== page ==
Five-Year Results of Groundbreaking TAVR Study Announced at ACC
The final results of a promising non-surgical treatment option for aortic stenosis, under study at Emory since 2007, were announced in a late-breaking clinical trial presentation at the 64th Annual Scientific Session of the American College of Cardiology meeting in San Diego.
The original PARTNER 1 (Placement of Aortic Transcatheter Valves) study was the pivotal transcatheter aortic valve replacement (TAVR) trial for the SAPIEN valve, developed by Edwards Lifesciences. The trial measured TAVR against traditional open heart surgery.
The valve offers a non-surgical treatment option for patients with failing aortic valves. Emory University Hospital was one of more than 20 sites nationwide, and the first in Georgia, to study TAVR with the SAPIEN valve in comparison to surgical aortic valve replacement. Cardiothoracic surgeon Dr. Vinod Thourani and cardiologist Dr. Vasilis Babaliaros are Emory co-principal investigators of the PARTNER trial. They also serve as co-directors of Emory's Structural Heart and Valve Center.
According to Dr. Thourani, results of the five-year PARTNER study showed that high-risk patients with severe aortic stenosis had similar outcomes at five years in both arms of the PARTNER I trial. He says this is a finding that researchers are considering a "win" for the intervention.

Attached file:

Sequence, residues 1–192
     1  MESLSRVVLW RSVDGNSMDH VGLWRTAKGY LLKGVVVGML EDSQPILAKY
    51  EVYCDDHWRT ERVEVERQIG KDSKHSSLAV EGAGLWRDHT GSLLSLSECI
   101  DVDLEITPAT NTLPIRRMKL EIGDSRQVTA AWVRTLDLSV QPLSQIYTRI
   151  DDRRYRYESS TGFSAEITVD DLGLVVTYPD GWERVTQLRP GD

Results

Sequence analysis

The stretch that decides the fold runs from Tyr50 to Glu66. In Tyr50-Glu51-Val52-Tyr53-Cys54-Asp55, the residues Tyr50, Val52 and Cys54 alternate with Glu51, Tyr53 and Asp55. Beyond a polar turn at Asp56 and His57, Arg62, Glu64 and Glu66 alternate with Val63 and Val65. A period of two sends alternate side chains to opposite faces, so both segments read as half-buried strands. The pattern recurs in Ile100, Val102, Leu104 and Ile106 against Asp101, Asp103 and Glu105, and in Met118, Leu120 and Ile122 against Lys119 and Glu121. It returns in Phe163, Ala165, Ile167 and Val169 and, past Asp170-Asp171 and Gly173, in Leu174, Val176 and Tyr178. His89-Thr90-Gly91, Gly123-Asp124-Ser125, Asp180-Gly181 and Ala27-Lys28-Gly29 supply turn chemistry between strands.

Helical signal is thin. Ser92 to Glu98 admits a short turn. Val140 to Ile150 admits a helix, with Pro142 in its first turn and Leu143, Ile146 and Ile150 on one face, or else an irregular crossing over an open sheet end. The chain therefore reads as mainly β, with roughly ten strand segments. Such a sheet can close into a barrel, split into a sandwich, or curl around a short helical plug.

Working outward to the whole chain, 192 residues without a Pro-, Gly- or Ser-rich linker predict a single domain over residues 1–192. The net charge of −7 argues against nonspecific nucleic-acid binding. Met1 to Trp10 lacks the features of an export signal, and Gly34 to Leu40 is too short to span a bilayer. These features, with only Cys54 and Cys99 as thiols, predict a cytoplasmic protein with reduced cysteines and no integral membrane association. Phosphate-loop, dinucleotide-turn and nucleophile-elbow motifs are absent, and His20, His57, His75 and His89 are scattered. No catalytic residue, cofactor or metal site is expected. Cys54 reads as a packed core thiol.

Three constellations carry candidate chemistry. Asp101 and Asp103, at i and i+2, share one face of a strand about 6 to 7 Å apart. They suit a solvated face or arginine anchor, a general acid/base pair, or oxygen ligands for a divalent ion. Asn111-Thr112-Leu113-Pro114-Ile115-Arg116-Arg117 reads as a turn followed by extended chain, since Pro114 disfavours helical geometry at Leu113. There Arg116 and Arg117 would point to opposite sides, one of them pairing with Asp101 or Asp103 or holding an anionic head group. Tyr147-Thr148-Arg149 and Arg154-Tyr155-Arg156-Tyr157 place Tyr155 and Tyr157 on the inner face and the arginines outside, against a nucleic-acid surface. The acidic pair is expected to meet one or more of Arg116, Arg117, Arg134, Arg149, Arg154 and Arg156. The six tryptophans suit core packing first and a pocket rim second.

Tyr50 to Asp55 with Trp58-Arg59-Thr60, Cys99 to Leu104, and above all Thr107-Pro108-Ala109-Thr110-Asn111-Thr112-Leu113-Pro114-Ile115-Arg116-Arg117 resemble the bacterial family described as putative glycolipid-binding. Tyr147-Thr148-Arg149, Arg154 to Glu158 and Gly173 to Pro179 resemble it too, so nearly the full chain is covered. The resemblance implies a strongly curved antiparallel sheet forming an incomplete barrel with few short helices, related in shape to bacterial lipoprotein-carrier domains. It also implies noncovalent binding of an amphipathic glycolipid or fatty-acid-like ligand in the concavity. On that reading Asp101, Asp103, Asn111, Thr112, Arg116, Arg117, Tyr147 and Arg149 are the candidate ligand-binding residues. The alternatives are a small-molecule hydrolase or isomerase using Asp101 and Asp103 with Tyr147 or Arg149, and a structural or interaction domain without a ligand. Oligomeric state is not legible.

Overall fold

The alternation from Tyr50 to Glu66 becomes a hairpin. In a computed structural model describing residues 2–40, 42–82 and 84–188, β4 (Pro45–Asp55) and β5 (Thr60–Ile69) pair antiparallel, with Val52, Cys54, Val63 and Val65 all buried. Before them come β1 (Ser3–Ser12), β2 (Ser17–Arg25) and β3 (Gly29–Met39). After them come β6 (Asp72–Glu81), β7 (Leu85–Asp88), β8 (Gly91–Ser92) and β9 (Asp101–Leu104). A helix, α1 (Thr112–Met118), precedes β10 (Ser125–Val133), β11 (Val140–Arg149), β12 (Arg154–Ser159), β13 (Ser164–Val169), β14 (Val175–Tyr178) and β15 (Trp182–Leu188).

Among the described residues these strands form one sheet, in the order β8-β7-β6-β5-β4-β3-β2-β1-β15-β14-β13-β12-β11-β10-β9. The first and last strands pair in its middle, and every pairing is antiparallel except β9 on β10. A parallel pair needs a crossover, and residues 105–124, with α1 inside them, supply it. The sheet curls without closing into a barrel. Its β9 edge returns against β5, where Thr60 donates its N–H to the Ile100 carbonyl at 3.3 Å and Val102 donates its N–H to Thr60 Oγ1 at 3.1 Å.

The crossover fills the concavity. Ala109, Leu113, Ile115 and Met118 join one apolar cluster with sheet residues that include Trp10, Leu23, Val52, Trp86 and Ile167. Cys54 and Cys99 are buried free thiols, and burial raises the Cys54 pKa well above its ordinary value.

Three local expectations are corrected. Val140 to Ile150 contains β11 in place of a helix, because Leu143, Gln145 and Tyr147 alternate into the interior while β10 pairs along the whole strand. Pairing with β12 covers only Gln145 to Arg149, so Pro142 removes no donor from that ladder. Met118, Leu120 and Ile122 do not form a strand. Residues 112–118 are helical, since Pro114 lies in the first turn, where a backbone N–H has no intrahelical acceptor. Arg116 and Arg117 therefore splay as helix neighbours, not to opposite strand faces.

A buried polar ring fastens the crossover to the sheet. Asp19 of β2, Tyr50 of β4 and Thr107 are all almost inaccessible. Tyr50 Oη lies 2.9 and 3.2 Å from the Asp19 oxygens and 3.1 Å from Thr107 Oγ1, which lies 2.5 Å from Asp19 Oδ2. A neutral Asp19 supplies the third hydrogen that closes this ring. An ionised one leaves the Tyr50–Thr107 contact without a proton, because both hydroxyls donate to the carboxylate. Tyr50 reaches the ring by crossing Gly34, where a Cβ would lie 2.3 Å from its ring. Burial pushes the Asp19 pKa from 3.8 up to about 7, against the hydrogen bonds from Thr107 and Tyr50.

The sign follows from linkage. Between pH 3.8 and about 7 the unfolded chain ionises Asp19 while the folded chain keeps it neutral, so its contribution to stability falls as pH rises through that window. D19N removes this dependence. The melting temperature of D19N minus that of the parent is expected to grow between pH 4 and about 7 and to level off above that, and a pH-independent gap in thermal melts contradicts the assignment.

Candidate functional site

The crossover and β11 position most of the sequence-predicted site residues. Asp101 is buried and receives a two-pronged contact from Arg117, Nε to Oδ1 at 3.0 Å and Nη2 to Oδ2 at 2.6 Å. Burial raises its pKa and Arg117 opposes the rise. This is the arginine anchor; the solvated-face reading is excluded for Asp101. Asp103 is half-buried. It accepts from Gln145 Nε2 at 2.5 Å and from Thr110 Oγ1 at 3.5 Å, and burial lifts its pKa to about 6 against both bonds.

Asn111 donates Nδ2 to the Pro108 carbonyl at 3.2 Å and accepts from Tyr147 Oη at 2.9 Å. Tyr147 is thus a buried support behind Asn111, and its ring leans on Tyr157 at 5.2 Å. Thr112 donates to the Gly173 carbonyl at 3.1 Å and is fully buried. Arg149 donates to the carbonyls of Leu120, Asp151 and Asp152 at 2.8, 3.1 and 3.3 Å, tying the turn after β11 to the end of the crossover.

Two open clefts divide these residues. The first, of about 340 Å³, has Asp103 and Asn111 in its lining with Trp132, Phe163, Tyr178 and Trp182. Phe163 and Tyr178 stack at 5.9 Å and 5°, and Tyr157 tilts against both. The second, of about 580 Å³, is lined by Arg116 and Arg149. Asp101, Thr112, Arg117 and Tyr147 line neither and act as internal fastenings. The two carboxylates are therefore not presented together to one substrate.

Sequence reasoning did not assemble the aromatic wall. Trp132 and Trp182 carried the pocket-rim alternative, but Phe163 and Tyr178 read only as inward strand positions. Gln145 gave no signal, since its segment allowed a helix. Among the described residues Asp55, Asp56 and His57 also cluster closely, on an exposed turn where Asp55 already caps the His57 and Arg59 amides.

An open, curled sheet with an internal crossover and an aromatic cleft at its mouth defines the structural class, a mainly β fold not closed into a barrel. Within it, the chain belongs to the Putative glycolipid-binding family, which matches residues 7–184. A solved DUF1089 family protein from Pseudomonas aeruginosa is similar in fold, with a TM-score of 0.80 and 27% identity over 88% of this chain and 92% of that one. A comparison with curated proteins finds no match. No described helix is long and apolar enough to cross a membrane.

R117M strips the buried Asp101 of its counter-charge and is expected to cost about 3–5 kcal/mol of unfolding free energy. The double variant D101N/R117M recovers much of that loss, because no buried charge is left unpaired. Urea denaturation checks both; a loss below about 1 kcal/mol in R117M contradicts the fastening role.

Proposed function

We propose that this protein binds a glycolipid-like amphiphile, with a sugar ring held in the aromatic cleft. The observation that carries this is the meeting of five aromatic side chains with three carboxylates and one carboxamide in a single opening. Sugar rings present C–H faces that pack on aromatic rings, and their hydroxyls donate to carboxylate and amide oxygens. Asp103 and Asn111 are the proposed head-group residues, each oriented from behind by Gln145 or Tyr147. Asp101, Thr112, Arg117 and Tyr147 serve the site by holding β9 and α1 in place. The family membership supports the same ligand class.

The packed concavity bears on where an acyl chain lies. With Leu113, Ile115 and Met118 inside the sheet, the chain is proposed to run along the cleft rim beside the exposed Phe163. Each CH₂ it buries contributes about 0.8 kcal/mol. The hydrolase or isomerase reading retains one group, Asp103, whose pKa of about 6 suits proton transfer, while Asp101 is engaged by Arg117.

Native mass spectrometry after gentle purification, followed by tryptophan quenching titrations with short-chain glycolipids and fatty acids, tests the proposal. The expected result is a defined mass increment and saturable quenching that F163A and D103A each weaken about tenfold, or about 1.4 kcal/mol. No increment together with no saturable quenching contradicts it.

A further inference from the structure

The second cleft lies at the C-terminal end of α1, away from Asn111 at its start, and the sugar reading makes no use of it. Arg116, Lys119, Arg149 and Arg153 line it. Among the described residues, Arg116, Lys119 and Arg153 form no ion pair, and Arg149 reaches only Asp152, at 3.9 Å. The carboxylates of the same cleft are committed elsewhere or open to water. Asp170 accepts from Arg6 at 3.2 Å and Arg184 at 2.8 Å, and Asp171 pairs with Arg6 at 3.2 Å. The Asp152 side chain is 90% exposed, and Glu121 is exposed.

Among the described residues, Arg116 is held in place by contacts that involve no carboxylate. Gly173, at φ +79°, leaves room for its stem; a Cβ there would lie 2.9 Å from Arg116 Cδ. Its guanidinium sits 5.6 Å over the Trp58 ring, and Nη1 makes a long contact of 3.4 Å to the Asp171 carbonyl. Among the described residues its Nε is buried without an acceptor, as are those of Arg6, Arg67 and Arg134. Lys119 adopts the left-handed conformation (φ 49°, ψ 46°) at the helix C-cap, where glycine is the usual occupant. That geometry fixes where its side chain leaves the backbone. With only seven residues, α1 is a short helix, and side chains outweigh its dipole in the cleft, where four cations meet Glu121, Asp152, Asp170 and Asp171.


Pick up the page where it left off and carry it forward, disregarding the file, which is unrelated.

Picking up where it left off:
"We know now that in high risk patients with severe aortic stenosis, the transcatheter aortic valve does not differ from the traditional open surgical valve replacement," he says. "This is a win for the intervention because we now have long-term data that the function of the new transcatheter valve does not show any deterioration."
Aortic stenosis is a life-threatening heart condition that affects tens of thousands of Americans each year when the aortic valve tightens or narrows, preventing blood from flowing through normally.
During the TAVR procedure, doctors create a small incision in the groin or chest wall and then feed the new valve made of cow heart tissue, mounted on a wire mesh on a catheter, and place it where the new valve is needed. This offers a non-invasive way for doctors to treat patients who are not candidates for traditional surgery.
"This is a landmark trial in the treatment of heart disease," says Dr. Babaliaros. "Because of this device we are able to help even more patients with valvular heart disease, including the countless number of patients who are too sick or weak to undergo open-heart surgery to replace their diseased valves."
During the same late breaking clinical trials session at the ACC meeting, results of the PARTNER Sapien 3 trial in intermediate risk patients were also presented.
According to Dr. Thourani, who was a national co-principal investigator for the Sapien 3 trial, results showed that TAVR can be performed in patients who are less ill than the patients previously studied, with extremely low mortality and complications.
"This is one of the most exciting trials to be performed in the field of aortic valve disease," he says. "As one of the top three enrollers for this trial nationally, our team at Emory eagerly brought this lifesaving procedure to a number of our patients in Georgia and throughout the Southeast."
Drs. Thourani and Babaliaros and their Emory colleagues hit a major milestone this month when they performed their 1000th TAVR procedure at Emory University Hospital.